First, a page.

This command says to push the commit in the branch named master to the remote named origin. When this is executed, all the stuff that you last synchronized with the origin will be sent to the remote repository (i.e. repository in your GitHub) and others will be able to see them there.

Git and GitHub: What’s the difference?

Git and GitHub: What’s the difference?

There are people who think that Git and GitHub are the same thing and use the terms interchangeably. Some might even think Git is short for GitHub. It’s probably because of similarity in their names.

 

Git and GitHub are NOT similar.

 

In a simple term, Git is a tool and GitHub is a website (which is more like a community).

In a more technical term, Git is a free and open source distributed version control system designed to handle everything from small to very large projects with speed and efficiency, while GitHub is a web-based Git repository hosting service, which offers all the distributed revision control and source code management (SCM) functionality of Git as well as adding its own features.

Git was created by Linus Torvalds, creator of Linux kernel.

Linus Torvald

Linus Torvalds was the designer of the open-source operating system Linux.

 

What is Git?

Git is a tool for version control which is primarily used by programmers. It runs with the command line on your local machine and allows you to keep track of your files and modifications made to those files in something called a ‘Repository’ or ‘Repo’. You can use it alone as well as with a team of people who are working on the same project. It’s useful in a team environment because everyone can work independently on those files, merge their changes together and there’s a permanent record of who made what change.

 

What is GitHub?

GitHub is a website that allows you to upload your Git repositories online.

Why would you want to host your files on GitHub?

Because it provides a backup of your files and gives you a visual interface for navigating your repositories. It provides other people a way to navigate your repositories. It also makes repo collaboration easy. GitHub is more common if you are using Git.

 

This example will make you clearer about what Git and GitHub are.

Consider you are a professional photographer and you use Adobe Photoshop to process your photos. You take the photos, edit them in Photoshop and when it’s ready, you upload them to your Facebook page.

In this context, Git is Adobe Photoshop and GitHub is Facebook.

What is Version Control System?

What is Version Control System?

You write your codes and compile it, it runs without any error. You add more codes or make changes to the existing codes, re-compile it and suddenly you are greeted with errors. Then the developer spends additional time searching for the mistake and correcting it. Every developer must have faced this situation. Things might be simpler if he is working on a smaller project, but such situation would be very challenging on a larger one. A single change or update to the existing code might cause an error and result in hours of hard work to fix it. This is where version control comes in.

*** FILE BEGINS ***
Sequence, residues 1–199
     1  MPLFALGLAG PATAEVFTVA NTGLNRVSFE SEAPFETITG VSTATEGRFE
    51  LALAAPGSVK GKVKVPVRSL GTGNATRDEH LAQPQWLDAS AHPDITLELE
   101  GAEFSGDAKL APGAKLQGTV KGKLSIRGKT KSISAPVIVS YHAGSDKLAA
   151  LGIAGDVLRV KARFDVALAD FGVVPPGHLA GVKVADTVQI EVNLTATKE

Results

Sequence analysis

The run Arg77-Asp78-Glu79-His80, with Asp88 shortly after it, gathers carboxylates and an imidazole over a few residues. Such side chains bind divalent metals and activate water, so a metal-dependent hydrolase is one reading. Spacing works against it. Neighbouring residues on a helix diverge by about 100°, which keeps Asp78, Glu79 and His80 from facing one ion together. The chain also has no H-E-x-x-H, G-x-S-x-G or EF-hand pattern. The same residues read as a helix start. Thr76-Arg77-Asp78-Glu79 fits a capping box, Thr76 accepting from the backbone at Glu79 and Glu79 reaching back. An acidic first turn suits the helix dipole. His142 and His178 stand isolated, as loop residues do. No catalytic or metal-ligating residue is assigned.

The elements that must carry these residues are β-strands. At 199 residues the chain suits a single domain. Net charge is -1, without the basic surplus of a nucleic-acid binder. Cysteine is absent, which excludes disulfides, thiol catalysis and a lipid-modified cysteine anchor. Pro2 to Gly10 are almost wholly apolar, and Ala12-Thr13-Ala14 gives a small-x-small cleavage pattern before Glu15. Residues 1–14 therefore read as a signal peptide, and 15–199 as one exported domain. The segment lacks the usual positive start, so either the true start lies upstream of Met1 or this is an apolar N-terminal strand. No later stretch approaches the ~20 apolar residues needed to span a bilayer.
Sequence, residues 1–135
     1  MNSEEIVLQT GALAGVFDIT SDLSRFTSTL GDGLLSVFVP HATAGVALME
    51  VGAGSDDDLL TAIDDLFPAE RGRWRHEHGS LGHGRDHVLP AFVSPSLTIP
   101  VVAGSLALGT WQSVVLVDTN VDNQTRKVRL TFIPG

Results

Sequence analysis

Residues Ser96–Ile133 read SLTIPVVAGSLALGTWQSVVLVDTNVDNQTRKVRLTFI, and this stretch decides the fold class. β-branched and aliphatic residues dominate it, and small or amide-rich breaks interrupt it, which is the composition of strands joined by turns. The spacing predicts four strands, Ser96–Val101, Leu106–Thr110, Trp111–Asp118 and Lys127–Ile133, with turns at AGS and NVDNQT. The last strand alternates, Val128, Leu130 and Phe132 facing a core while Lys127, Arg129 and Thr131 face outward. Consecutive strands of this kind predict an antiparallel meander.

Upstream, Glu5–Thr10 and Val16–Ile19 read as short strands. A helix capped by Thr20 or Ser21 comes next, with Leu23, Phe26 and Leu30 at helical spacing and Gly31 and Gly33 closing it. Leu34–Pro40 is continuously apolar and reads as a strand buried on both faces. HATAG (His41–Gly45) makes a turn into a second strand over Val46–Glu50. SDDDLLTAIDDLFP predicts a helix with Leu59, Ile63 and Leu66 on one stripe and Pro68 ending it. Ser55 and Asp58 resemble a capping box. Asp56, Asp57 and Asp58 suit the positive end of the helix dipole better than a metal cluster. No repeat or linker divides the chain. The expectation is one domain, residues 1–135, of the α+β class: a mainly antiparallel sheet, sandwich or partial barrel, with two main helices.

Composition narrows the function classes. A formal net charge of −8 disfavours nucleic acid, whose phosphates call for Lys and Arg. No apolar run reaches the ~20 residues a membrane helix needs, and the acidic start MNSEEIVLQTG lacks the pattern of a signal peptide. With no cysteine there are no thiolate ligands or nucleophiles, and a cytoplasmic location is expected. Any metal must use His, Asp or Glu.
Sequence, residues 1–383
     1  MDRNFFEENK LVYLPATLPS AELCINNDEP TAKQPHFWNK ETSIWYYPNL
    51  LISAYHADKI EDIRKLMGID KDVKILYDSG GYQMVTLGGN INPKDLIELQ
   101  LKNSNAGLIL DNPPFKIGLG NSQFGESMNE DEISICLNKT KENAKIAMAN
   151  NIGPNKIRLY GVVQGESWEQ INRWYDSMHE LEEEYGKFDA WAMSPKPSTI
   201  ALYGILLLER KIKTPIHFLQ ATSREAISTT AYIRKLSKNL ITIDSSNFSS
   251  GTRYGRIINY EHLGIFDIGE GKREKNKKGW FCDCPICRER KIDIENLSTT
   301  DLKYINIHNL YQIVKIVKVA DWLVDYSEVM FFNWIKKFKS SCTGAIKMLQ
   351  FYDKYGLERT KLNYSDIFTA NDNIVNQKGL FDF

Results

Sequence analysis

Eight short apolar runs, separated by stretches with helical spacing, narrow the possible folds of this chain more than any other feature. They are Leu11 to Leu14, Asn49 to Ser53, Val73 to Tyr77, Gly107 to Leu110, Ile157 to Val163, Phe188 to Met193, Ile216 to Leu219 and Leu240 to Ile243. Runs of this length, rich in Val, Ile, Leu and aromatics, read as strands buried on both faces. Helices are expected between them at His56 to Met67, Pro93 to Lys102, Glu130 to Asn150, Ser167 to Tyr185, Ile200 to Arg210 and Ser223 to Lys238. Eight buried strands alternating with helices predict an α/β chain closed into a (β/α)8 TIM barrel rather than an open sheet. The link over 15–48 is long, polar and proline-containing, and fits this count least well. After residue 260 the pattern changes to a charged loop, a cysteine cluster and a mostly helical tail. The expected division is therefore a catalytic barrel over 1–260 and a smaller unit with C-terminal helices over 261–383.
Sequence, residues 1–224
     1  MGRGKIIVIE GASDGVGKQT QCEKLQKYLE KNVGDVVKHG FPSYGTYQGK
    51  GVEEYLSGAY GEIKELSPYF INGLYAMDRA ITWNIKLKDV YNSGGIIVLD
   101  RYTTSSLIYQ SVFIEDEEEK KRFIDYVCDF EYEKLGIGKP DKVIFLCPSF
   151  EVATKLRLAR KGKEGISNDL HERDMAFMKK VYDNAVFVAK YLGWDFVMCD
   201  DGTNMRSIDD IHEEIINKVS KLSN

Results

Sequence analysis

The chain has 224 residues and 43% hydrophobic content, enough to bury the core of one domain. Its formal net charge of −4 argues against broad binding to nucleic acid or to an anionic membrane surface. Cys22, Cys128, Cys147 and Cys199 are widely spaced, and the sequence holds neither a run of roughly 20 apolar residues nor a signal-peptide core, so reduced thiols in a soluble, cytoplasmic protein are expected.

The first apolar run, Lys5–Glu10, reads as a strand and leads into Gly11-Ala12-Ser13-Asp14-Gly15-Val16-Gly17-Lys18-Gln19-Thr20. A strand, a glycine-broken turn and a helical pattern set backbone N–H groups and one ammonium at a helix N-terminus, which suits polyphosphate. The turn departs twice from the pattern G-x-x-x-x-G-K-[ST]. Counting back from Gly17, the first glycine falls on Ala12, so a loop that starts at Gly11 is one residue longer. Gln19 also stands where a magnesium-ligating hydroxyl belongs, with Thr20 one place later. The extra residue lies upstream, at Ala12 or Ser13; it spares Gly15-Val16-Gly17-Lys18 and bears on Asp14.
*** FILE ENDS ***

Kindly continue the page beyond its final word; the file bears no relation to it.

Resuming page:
What is Version Control?

Version Control is the management of changes designed to keep track of multiple versions of documents, computer programs, large websites, and other collections of information. It is also known as revision control or source control.

Version Control allows developers to save any or all changes that are made to their code. If they ever face the situation as mentioned above, they can simply turn their code back to the state when it was working, instead of be spending additional hours finding the mistake that broke the code. Developing software without using version control is risky because it is like not having backups.

Version Control System also allows multiple developers to work on a single project and save the changes to ensure that everyone can keep track of what they are working on. Version control also allows traceability, i.e. it allows the developers to trace every change made to the software over time.

Types of Version Control

There are three different types of Version Control Systems – Local, Centralized and Distributed.

  1. Local Version Control Systems

local version control system

Local version control system is a traditional approach, where you copy individual files from each computer into another directory. You save the changes in the form of patch sets, where the patch sets are dated and time-stamped. So, in case of the code breaks, the patch sets can be used to re-create what the file previously looked like.

  1. Centralized Version Control Systems

centralized local version control system

Centralized Version Control approach was created to solve the problem of collaboration. It has a single central copy of the project on a single server or a repository and if you commit any changes, the changes are directly made to that central copy. You take the files from that repository, work on it and put it back. In centralized version control, you never have a full copy of your project locally. Since this works like a central hub, so the major problem is that all the data would be lost in case the server fails.

CVS, Subversion, perforce are some popular centralized version control systems.

  1. Distributed Version Control Systems

distributed local version control system

Distributed Version Control Systems was created to solve the problem of centralized version control systems. In distributed version control, you don’t rely on a central server to store all the versions of a project’s file. Instead, you clone a copy of that repository locally so that you are not working on the original file. You work on the cloned copy of the project, and once all the changes are finalized, you can commit and make changes to that original file.

Another benefit of using distributed version control is it allows the developer to work on multiple projects at the same time.

Git is the most popular and widely used distributed version control system today.

Get Started with Data Science using R

Get Started with Data Science using R